As with my food photography, I love hunting for props and backgrounds to put in my images for still life photography and I really like a variety of items. I recently wrote a post about the first four of my favorite props for still life. Here are a few more!

Cutting boards

These are not just for food — they can make really good stands and backgrounds to add interest. I love a good timber cutting board, but marble or slate can be very effective as well. I have a collection of different sizes and tones that I use. One good one is a great place to start.

Scissors and twine

These are perfect for adding just a little something, scissors with fresh cut flowers in a vase or basket. Twine for all sorts of things, just casually looped to give a flow to your image, leading the eye through your photo.

Scissors can also help add a personal touch as you have just put them down and will be back in a minute. I personally like to leave my scissors slightly open and always pointed away from the camera.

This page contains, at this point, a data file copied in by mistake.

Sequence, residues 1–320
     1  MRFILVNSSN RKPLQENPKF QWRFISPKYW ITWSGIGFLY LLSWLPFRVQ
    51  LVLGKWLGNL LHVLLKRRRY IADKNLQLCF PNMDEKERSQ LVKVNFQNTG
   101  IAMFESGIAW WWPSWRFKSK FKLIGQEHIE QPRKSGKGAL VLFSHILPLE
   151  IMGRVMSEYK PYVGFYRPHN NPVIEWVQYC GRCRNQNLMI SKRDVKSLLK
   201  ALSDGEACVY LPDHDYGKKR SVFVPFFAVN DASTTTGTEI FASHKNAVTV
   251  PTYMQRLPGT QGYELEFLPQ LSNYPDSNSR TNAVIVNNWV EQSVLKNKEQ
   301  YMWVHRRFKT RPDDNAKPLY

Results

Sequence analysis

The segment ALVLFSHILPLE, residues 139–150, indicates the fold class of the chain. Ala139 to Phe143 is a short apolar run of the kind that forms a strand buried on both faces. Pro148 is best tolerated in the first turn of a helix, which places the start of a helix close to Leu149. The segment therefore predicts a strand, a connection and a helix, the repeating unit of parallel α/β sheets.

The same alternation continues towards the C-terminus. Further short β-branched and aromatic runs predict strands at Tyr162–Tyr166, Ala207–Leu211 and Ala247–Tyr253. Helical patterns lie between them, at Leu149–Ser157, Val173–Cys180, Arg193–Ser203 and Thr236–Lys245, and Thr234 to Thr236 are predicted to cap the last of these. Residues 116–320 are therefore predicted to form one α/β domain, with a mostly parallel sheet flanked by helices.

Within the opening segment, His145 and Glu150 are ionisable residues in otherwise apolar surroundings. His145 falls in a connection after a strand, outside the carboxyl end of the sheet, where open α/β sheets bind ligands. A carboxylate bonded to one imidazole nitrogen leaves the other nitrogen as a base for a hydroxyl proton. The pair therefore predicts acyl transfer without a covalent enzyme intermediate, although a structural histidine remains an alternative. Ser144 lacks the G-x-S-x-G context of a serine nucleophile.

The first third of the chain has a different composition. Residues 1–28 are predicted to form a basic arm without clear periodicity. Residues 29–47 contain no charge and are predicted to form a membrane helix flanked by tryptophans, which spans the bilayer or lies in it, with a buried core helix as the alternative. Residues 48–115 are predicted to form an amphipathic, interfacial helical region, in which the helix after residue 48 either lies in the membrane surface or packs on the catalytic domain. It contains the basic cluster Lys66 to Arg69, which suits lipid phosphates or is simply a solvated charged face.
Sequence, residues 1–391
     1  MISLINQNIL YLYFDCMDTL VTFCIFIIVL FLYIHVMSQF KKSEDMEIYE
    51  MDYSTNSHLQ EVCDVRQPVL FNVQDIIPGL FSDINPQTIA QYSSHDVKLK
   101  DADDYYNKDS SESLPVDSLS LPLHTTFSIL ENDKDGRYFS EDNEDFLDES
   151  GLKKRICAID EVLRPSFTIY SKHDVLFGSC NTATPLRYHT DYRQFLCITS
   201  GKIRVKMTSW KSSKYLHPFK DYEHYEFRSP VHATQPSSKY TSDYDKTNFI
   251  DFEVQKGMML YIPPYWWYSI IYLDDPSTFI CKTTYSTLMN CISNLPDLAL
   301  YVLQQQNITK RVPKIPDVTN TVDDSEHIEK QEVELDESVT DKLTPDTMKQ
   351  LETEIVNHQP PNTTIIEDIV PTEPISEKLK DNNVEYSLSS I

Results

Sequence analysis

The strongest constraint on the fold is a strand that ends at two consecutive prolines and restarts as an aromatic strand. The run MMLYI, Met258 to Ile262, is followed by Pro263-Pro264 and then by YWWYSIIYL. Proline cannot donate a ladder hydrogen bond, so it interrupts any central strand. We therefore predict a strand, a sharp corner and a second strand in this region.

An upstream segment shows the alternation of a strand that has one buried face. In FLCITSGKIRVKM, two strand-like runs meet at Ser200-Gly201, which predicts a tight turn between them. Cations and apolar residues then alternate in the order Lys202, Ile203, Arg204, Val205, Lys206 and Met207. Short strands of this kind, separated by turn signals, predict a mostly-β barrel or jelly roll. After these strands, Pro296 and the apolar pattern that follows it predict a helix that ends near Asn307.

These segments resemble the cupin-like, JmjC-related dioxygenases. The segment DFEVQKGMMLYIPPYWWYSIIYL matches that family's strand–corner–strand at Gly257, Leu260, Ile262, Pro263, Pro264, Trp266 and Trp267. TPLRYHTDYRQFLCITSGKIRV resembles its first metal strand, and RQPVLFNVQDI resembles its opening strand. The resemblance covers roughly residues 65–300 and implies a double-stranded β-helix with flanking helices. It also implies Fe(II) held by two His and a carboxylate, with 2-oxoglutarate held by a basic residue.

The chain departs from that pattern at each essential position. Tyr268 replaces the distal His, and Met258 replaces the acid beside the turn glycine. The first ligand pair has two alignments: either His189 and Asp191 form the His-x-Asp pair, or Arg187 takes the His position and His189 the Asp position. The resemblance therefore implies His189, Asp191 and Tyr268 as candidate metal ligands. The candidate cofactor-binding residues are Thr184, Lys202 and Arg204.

Teacups and saucers

Who doesn’t love a pretty teacup and saucer or something a little more rustic in a still life? I really like to color coordinate my flowers with patterns and colors on my teacups. I also have a few teapots as well. A more rustic enamelware mug is great too. It can help make an image feel warm and cozy and inviting. Be warned collecting these can become a habit.

Vases, bottles and Mason jars

I have a rather large collection of vases, bottles and jars, in clear and colored glass and plain white, but have started adding a couple of hand-painted ceramic ones as well. I have a muted blue and a green one that seems to keep popping into my images these days.

Be warned it can be a slippery slope and you can end up with quite a collection, but start with one or two good pieces you may already have is a good place to start.

Don’t overwhelm your hero or the viewer. Take out stuff you don’t need. Take out things from the scene that are distracting and pair down to just one main focal point. If the scene is too cluttered you will lose the viewer’s interest.

When first starting out try to limit items in the scene to perhaps three props or layers which will convey depth and story. Try to keep props simple, whether it is vases, books, teacups, crates, baskets and don’t forget flowers — flowers are fantastic.